First. As it is essential to liberty that the government in general should have a common interest with the people, so it is particularly essential that the branch of it under consideration should have an immediate dependence on, and an intimate sympathy with, the people. Frequent elections are unquestionably the only policy by which this dependence and sympathy can be effectually secured.

    The ?system ? was designed so that one person representing an area would be sent to Pierre and serve their district for two years, then return home to his or her former job. It wasn’t designed for people to get elected and sit in the legislature for decades at a time.
    Every two years, our state senators and legislators come to us (the people) and ask us to send them back to Pierre for another two years. We the people wield the power, and our sword is the ballot box. They can be ?term limited? at any election. If for some reason the legislator have lost that intimate sympathy with us, we will send someone else.
    Who is this someone else? Why would anyone want to run? The pay is not very good. Most legislators spend more on their campaigns than what they make while serving as state legislator. In some cases legislators have to take a pay cut to serve. There are a few perks, however those are being whittled away. Of course, they get the blame for every bill that gets passed, it doesn’t matter if it was a good bill or not. Then there is the press. They get beat up on the blogs, and by the press if they get something wrong. Once it is announced, or even hint that someone might run for office, the press, and/or some bloggers will descend upon them, they will dig into every part of their background, from the time they was born. They will analyze and over analyze every word ever uttered. Why would anyone want to put themselves and their families though all of that?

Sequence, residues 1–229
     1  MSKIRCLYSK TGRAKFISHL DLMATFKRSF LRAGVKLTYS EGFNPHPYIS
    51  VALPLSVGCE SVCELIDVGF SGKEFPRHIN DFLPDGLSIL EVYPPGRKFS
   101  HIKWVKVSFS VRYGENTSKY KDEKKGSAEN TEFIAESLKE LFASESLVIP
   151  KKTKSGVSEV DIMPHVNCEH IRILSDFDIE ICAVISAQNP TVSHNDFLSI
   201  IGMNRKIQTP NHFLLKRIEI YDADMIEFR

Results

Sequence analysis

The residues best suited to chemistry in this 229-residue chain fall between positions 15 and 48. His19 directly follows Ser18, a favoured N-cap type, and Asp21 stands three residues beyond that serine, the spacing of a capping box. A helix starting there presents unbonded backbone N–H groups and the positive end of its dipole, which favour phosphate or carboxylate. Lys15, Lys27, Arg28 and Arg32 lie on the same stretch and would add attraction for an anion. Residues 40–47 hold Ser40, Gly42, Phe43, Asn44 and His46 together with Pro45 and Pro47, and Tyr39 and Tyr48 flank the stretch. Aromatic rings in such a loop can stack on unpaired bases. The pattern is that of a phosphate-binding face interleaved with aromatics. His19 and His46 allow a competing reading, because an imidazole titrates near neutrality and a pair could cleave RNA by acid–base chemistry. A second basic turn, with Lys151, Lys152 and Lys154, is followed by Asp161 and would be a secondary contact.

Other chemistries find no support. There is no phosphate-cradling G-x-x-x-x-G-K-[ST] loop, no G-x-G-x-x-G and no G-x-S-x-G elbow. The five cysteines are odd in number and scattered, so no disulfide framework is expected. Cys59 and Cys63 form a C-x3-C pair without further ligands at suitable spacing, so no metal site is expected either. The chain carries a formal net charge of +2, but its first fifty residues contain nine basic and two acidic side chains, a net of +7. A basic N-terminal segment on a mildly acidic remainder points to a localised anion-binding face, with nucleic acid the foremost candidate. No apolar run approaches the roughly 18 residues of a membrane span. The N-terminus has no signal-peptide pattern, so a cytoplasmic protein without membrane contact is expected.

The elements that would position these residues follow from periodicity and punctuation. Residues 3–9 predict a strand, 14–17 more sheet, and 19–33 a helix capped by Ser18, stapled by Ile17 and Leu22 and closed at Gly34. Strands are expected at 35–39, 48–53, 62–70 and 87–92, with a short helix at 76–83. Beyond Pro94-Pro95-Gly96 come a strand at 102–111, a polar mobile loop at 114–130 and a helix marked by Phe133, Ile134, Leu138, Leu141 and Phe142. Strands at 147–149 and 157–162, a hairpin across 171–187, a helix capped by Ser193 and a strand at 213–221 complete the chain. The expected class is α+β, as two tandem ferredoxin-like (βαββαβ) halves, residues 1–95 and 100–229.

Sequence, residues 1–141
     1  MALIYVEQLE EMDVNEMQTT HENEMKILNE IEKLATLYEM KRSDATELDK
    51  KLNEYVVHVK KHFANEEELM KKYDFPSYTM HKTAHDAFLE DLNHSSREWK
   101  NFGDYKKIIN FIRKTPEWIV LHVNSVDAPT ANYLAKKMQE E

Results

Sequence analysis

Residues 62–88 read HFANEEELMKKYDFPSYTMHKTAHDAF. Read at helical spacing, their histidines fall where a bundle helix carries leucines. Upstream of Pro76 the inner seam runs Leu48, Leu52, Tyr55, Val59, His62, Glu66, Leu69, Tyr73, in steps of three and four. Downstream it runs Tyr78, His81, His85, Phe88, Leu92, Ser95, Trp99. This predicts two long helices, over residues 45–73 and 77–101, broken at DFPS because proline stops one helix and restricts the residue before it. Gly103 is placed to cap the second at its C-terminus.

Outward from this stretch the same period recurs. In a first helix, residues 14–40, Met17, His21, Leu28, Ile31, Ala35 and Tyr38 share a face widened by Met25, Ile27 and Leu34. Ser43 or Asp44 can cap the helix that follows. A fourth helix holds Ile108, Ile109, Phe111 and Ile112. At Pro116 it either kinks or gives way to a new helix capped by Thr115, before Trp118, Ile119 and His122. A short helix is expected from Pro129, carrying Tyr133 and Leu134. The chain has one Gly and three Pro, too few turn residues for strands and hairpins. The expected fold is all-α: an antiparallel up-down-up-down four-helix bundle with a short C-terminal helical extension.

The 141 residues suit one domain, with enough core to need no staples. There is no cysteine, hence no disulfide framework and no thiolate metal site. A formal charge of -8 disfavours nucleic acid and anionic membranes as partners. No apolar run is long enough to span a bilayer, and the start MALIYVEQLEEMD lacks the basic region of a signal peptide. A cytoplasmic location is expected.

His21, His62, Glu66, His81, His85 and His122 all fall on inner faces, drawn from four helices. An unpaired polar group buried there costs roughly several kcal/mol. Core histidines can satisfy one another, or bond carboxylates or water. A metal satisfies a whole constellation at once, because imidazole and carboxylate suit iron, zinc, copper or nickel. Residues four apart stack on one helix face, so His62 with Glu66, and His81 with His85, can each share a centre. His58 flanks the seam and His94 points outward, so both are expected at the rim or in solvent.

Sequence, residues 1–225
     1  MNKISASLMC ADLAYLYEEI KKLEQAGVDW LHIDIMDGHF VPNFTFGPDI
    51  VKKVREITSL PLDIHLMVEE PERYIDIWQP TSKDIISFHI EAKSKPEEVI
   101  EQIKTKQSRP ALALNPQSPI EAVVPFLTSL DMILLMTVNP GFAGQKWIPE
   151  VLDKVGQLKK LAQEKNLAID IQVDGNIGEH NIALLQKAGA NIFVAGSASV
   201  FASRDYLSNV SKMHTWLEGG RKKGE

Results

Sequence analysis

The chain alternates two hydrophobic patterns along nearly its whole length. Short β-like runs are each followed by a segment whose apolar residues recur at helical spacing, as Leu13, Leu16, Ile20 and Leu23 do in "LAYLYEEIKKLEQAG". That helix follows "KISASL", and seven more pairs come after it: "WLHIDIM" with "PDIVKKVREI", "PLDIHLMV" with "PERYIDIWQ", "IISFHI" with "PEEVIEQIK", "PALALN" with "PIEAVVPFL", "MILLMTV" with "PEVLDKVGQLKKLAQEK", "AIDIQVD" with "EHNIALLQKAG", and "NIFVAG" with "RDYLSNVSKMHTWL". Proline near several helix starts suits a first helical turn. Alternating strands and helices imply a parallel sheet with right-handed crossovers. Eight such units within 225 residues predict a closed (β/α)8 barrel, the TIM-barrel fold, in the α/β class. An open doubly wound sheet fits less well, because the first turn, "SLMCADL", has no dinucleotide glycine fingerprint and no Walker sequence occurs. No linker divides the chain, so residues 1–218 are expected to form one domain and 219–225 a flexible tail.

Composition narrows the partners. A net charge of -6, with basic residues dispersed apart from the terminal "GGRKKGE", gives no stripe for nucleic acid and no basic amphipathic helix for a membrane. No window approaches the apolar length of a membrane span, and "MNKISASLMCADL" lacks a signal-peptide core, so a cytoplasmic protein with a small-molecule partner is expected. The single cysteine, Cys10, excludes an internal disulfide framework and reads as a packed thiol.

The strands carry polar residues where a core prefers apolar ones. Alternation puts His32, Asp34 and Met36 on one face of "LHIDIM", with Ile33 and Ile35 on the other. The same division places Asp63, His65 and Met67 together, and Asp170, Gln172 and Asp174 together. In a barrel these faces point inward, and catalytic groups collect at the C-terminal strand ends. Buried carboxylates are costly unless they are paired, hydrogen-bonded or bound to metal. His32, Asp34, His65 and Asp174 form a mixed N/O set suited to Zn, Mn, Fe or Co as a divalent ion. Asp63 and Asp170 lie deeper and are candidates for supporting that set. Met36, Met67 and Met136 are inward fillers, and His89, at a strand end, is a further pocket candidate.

Come election time we see the ballot, in some cases it is a bunch of names. We might have seen one or two of those names on a yard sign somewhere. We vote for the name that stands out the most or just leave it blank. Because we have know idea who anyone really is.
    To prevent people from serving decades we put in place term limits. Two terms and done. That seems fair, that means other people will have a chance to sit on their district, if they want to.
    A state senator and a house member both told me they want to extend the term limits, so they can help develop some leaders. At first I thought this is a great idea. In order to be a leader, someone needs to follow. So once these leaders are developed, who are they going to lead?
    The people in their district? I think that is backasswards. The people in district tell the representative how to vote on various bill/topics Not the representative saying he how they are going to vote the people in their district are going to just have take it.
    Other Representatives? I have no right to tell my neighbor what they can or can’t do. My representative has no right to tell my neighbor’s representative how to vote. While they can share information, maybe even a little persuasion; in the end, they should they way the people in their district have asked them to vote.
    The political party? The political parties are in desperate need of some quality leadership. They someone who will holdup the GOP platform, and hold others accountable as well, at the same time honoring their responsibility to their district. This takes a level of tact that we haven’t seen in a long time.
    We don’t need more leaders, what we need is more representatives that will listen more and talk less, representatives that is more responsive to the people.
    We don’t need term limits. We don’t professional politicians. We need for the public to understand the Statehouse, and the Senate is their arm of the government.

    1. Les

      Our state limits do not limit our US congress people as originally planned, so how about living with our actions by putting this baby to bed as the voters have said, and electing leaders.

  7. Springer

    Well said above. I still say that before switching from House to Senate and vice versa a legislator should have to sit out one term. This would at least put a pause in the switcheroo now in place. We have no term limits now, we have musical chairs.

    1. MC Post author

      I don’t have a problem with a good repersentative serving several terms back to back or even playing musical chairs. However, they have to engage the public in what they are doing, and why.


Leave a Reply

Your email address will not be published.